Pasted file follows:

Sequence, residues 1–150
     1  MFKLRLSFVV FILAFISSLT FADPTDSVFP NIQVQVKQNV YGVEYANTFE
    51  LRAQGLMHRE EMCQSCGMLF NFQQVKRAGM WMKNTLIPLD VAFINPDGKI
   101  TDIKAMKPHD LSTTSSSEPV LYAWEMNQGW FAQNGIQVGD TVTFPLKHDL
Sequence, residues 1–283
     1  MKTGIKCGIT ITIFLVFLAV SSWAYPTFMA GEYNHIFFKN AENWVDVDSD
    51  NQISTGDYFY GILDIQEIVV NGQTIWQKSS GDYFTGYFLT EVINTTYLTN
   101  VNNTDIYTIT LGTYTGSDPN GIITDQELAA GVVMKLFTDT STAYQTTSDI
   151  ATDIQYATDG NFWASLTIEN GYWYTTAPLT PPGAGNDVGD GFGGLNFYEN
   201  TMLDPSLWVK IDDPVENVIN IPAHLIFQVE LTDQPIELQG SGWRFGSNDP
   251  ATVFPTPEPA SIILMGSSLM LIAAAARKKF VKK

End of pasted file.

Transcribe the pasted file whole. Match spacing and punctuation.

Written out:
Sequence, residues 1–150
     1  MFKLRLSFVV FILAFISSLT FADPTDSVFP NIQVQVKQNV YGVEYANTFE
    51  LRAQGLMHRE EMCQSCGMLF NFQQVKRAGM WMKNTLIPLD VAFINPDGKI
   101  TDIKAMKPHD LSTTSSSEPV LYAWEMNQGW FAQNGIQVGD TVTFPLKHDL
Sequence, residues 1–283
     1  MKTGIKCGIT ITIFLVFLAV SSWAYPTFMA GEYNHIFFKN AENWVDVDSD
    51  NQISTGDYFY GILDIQEIVV NGQTIWQKSS GDYFTGYFLT EVINTTYLTN
   101  VNNTDIYTIT LGTYTGSDPN GIITDQELAA GVVMKLFTDT STAYQTTSDI
   151  ATDIQYATDG NFWASLTIEN GYWYTTAPLT PPGAGNDVGD GFGGLNFYEN
   201  TMLDPSLWVK IDDPVENVIN IPAHLIFQVE LTDQPIELQG SGWRFGSNDP
   251  ATVFPTPEPA SIILMGSSLM LIAAAARKKF VKK